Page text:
Saturday, 1 March 2014

From The Earth To The Moon

I cannot take either Jules Verne's prose style or his characters seriously. Both the narrator and the characters are very precise about the technology of the cannon but very imprecise about the lunar environment. They do address the obvious point that the cannon blast should crush the occupants of the projectile.

It seems that Ardan, Barbicane and Nicholl go to the Moon to die. They have no way to return to Earth. When told that there is conclusive evidence that the Moon has no atmosphere, Ardan can reply only that there is some contrary evidence which makes it possible that there is an atmosphere but he address neither the obvious distinction between an atmosphere and a breathable atmosphere nor any other environmental factor such as temperature.

The original idea was just to fire a cannon at the Moon, not to redesign the projectile as a vehicle. Near the end, they even treble the number of passengers and take all sorts of extras, including two dogs. Verne ducks the issue of the lunar environment by having the projectile go into lunar orbit and ends with the optimism of a Terrestrial observer who is sure that the astronauts will find a way out of their predicament. When the projectile has left Earth, the narrative point of view remains Terrestrial so that, strangely, we lose direct contact with the astronauts. The idea for interplanetary communication was to write large letters in a desert and to send regular supplies in further projectiles.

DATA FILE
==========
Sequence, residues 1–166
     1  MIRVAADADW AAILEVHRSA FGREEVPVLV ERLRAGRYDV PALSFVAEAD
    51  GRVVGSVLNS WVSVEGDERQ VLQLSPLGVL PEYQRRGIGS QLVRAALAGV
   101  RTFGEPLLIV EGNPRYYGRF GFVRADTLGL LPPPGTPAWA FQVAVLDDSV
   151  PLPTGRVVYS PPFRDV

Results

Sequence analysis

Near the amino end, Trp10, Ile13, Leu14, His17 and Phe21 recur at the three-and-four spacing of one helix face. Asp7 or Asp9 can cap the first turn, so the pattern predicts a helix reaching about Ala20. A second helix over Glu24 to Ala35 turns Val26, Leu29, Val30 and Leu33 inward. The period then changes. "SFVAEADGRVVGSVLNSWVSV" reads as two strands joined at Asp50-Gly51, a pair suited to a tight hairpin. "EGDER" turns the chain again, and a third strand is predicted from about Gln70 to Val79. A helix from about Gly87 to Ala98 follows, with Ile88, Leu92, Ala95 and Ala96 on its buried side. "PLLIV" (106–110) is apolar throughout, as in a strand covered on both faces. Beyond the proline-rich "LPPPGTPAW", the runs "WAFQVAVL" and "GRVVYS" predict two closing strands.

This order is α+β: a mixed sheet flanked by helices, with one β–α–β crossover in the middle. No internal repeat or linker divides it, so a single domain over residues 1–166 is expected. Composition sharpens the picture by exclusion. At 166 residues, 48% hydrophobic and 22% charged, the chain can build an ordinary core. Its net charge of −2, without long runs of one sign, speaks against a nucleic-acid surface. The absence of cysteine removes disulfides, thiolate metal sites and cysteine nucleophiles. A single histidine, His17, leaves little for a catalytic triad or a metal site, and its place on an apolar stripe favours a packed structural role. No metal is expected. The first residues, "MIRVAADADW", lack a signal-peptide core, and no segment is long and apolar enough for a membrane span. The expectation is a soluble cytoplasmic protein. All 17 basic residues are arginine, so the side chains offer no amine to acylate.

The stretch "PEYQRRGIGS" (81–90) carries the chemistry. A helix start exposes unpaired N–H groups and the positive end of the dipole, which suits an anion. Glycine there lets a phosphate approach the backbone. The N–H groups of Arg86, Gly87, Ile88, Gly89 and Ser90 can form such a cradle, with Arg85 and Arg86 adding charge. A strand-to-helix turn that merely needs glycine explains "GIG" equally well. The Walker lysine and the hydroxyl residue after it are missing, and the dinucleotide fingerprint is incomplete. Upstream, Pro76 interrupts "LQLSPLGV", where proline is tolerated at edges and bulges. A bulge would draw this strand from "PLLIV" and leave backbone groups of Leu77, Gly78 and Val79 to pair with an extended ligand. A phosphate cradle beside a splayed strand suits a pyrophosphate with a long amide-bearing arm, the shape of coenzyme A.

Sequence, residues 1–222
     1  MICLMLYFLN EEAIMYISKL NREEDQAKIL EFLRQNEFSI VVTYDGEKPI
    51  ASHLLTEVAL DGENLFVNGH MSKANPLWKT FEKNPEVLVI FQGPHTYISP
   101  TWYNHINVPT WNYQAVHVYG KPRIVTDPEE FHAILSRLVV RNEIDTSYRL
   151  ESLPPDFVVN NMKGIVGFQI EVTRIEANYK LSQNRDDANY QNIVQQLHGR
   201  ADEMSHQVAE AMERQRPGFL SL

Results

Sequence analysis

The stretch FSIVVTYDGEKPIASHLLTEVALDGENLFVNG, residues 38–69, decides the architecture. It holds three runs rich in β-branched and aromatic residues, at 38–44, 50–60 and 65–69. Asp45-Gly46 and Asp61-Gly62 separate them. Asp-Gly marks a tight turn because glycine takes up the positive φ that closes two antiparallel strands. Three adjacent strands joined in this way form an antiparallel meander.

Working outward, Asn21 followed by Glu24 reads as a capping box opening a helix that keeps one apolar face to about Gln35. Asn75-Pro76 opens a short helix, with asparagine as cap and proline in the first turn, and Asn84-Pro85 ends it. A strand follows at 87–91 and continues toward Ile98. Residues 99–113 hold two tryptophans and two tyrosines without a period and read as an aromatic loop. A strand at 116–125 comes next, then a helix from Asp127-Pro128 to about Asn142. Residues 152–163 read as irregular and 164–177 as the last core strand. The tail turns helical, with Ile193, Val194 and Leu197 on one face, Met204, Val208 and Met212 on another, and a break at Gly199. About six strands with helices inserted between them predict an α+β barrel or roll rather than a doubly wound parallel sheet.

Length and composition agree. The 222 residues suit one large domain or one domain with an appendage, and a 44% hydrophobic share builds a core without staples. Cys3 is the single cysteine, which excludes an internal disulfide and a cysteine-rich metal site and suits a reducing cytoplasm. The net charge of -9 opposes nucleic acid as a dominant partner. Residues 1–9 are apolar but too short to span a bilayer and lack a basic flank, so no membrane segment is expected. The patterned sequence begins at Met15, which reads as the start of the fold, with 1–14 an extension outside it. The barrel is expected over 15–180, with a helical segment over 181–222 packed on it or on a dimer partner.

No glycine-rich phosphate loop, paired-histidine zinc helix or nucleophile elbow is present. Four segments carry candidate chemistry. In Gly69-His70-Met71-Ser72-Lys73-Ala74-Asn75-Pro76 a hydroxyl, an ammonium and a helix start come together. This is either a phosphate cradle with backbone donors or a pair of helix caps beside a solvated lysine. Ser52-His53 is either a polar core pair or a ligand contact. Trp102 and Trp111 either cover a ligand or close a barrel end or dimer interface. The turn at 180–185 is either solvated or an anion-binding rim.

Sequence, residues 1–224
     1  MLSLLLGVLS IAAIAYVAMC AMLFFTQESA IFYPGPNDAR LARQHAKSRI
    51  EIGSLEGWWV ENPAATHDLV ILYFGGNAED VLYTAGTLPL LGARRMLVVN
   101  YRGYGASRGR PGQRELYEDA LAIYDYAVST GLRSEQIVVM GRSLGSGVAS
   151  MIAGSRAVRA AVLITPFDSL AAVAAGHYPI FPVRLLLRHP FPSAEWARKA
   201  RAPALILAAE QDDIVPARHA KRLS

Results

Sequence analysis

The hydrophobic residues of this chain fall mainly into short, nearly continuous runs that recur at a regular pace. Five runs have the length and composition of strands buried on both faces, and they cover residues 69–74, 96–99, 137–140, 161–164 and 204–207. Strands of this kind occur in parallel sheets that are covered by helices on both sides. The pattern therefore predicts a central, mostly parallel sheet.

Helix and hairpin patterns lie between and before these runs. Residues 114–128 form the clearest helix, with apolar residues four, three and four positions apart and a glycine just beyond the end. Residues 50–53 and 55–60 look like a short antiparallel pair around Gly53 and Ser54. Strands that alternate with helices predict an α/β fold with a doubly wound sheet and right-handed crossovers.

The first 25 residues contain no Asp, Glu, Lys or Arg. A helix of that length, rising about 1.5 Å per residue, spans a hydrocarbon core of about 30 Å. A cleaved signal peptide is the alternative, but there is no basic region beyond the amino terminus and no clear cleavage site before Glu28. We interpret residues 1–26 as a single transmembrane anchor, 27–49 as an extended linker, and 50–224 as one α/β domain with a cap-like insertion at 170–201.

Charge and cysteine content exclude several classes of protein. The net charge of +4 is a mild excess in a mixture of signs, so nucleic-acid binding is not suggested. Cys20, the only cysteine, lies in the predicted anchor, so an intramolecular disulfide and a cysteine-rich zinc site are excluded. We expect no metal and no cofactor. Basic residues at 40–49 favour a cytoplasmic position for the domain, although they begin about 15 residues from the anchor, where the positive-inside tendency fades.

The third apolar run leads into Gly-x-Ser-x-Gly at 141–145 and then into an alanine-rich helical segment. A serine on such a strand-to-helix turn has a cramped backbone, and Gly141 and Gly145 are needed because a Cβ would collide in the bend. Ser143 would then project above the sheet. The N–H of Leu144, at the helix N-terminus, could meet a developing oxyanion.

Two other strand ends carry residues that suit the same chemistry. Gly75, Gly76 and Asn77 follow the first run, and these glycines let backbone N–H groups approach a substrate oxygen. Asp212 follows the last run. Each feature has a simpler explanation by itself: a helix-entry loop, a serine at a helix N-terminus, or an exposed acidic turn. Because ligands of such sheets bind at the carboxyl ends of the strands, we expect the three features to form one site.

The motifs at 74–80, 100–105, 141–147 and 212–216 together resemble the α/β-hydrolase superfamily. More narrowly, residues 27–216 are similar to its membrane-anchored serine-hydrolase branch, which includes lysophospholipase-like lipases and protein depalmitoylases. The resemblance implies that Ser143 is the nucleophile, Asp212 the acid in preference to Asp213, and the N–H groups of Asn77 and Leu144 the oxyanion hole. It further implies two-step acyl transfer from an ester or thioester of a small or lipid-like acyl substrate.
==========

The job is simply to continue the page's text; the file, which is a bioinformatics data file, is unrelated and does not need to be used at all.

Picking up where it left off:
I am genuinely curious as to what happens in the sequel, Round The Moon. The two projected options were either that their orbit would decay and that they would land after all or, alternatively, that they would remain in perpetual orbit. The sequal title seems to preclude the former and my understanding is that they do not land but what does happen and do they find a way either to return to Earth or to survive indefinitely in space?

No comments:

Post a Comment